The 7.6 percent growth from April through June, though down from 8.1 percent in the first quarter, was in the range of analysts' expectations. and reinforced an expectation that the growth rate in economic activity will increase around the second half of this year.
There were however a number of signs in today's data releases that economicconditions are starting to thaw, Mark Williams, a Capital Economics analyst, said in a note.
China's central bank said second-quarter retail sales were better than expected in June, up 13.7 percent, beating Capital Economics' expectations for a 13.4 percent increase. Sales growth rose over May's level, and a 20.4 percent increase in fixed investment spending also beat expectations, which were for 20 percent.
Output of cement, a useful coincident indicator for building activity, accelerated for the second month, Williams said. He also said that China's report shows last month's furniture sales were more than a quarter higher than the same period last year.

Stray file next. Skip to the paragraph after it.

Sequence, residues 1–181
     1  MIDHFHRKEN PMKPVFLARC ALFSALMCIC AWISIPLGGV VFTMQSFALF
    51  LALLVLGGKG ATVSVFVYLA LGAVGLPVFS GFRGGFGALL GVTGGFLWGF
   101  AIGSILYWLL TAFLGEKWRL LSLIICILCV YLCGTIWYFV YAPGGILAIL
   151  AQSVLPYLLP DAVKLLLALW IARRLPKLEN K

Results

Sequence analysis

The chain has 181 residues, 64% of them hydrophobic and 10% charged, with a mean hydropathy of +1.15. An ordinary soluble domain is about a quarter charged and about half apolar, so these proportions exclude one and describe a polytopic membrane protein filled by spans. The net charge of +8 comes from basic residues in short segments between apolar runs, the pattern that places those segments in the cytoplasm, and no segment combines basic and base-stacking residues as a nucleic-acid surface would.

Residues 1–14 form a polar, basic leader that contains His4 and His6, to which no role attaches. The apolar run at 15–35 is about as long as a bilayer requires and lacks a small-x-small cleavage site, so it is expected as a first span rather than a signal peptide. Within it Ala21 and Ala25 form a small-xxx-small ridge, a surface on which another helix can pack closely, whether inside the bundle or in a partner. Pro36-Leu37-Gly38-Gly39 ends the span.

The pace of GDP growth picked up slightly in quarter over quarter terms, to 1.8 percent compared with 1.6 percent in Q1 (the latter has been revised down since thefirst release), Williams said. We also find that growth has stopped slowing.
Despite being the biggest decline in the nation's economic growth since 2009, other analysts also saw a proverbial silver lining.
(The report) supports our view that economic activity will bottom-out over the summer months followed by a moderate recovery thereafter when the bulk of the step-up in macro accommodation is felt, Nikolaus Keis, an economist at UniCredit Research, told Reuters. But, in order to safeguard a soft landing and further reduce downside risk, the Chinese authorities will have to intensify their policy accommodation.
The central bank also said that a stress test conducted late last year showed the country's top banking institutions were positioned to withstand a slowdown.